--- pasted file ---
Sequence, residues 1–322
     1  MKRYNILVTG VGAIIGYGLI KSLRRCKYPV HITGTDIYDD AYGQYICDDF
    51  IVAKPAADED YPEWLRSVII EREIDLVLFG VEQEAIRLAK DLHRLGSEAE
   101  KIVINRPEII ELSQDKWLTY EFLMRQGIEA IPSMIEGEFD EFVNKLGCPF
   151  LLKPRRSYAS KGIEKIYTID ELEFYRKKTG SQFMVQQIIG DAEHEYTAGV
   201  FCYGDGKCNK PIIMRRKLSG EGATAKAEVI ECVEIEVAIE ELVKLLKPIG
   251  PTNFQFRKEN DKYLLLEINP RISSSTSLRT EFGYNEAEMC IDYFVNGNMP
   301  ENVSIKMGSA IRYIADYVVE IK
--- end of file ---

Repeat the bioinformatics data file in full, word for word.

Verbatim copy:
Sequence, residues 1–322
     1  MKRYNILVTG VGAIIGYGLI KSLRRCKYPV HITGTDIYDD AYGQYICDDF
    51  IVAKPAADED YPEWLRSVII EREIDLVLFG VEQEAIRLAK DLHRLGSEAE
   101  KIVINRPEII ELSQDKWLTY EFLMRQGIEA IPSMIEGEFD EFVNKLGCPF
   151  LLKPRRSYAS KGIEKIYTID ELEFYRKKTG SQFMVQQIIG DAEHEYTAGV
   201  FCYGDGKCNK PIIMRRKLSG EGATAKAEVI ECVEIEVAIE ELVKLLKPIG
   251  PTNFQFRKEN DKYLLLEINP RISSSTSLRT EFGYNEAEMC IDYFVNGNMP
   301  ENVSIKMGSA IRYIADYVVE IK